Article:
VIsual Perception: Visual-Spatial Relations
We are continuing our Visual Perception blog series that focuses on the 7 specific skills comprising visual perception. In the last post, we learned more about Visual Memory and how to help your clients, students, or children improve it. Next up is Visual-Spatial Relations!
- Visual Discrimination
- Visual Memory
- Visual-Spatial Relations
- Form Constancy
- Visual Sequential Memory
- Visual Figure-Ground
- Visual Closure
Knowing which specific skill area(s) your child struggles with will aid in choosing appropriate and effective treatment activities. In addition to occupational therapists, there are also specialized optometrists called developmental optometrists (also called behavioral optometrists) who evaluate and treat all of the skills above.
Visual-spatial relations or visual-spatial processing is the ability to tell where objects are in space. It can quickly become more complicated as more objects are added and these objects are twisted, turned, flipped, or moved closer or further away. Your child’s visual-spatial processing skills can affect their ability to read books, do math, follow maps, play a sport, tie shoelaces, or safely cross a street.
Visual-spatial skills are important for understanding how the symbols making up letters and numbers are placed in relation to each other. For example, the same shape is used for the numbers 6 and 9. The meaning is determined by how it is rotated. The same goes for letters b/d, p/q, and M/W. It is also important to accurately perceive how letters are arranged on a page because that determines what words are being formed. The words “bus” and “sub” are formed from the same letters, but their spatial arrangement determines which word those letters form.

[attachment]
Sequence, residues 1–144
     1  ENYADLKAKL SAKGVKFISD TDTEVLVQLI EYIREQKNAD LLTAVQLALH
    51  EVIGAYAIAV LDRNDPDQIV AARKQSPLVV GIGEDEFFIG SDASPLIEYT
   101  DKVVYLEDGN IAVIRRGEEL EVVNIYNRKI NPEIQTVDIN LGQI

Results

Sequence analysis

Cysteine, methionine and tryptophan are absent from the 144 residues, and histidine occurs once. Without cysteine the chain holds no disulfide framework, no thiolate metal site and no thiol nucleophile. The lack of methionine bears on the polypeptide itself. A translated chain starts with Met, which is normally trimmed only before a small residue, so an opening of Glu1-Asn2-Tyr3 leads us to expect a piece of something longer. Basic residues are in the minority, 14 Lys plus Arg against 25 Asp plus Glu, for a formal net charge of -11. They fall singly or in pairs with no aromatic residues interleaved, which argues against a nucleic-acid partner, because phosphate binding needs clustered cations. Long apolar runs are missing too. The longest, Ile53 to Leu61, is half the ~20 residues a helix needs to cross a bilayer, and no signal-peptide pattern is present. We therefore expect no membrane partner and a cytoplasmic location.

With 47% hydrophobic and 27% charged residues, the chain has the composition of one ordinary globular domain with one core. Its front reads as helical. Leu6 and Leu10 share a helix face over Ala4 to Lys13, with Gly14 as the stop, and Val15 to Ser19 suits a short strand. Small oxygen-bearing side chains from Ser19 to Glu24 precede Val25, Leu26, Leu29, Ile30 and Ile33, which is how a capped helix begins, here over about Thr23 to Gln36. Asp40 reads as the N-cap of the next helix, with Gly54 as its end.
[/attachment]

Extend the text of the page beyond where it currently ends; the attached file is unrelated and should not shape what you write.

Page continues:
A child who needs to follow a map must have an accurate sense of direction and how places on the map relate to each other in real life. A map reader has to take a 2D picture and transform it into 3D real life using their minds–this involves a whole lot of visual-spatial skills!
Two additional tasks that require visual-spatial relations skills are shoe tying and crossing the street. When tying shoes, the child must maintain accurate placement of each strong over and other the other to tie the knot securely. We often teach shoe tying skills in the clinic, and therapists find themselves using positional words like left, right, over, on top, under, around, and through. It’s much easier to understand the meaning of these words when the child has appropriately developed visual-spatial skills. Crossing the street requires a person to accurately gauge the distance and speed of coming cars, then compare that to their own walking speed and the distance across the road to safely judge whether or not it is safe to cross the street. This is part of the reason young children should never cross streets by themselves.
Check out the list below for lots of fun ways to help your child develop accurate visual-spatial skills!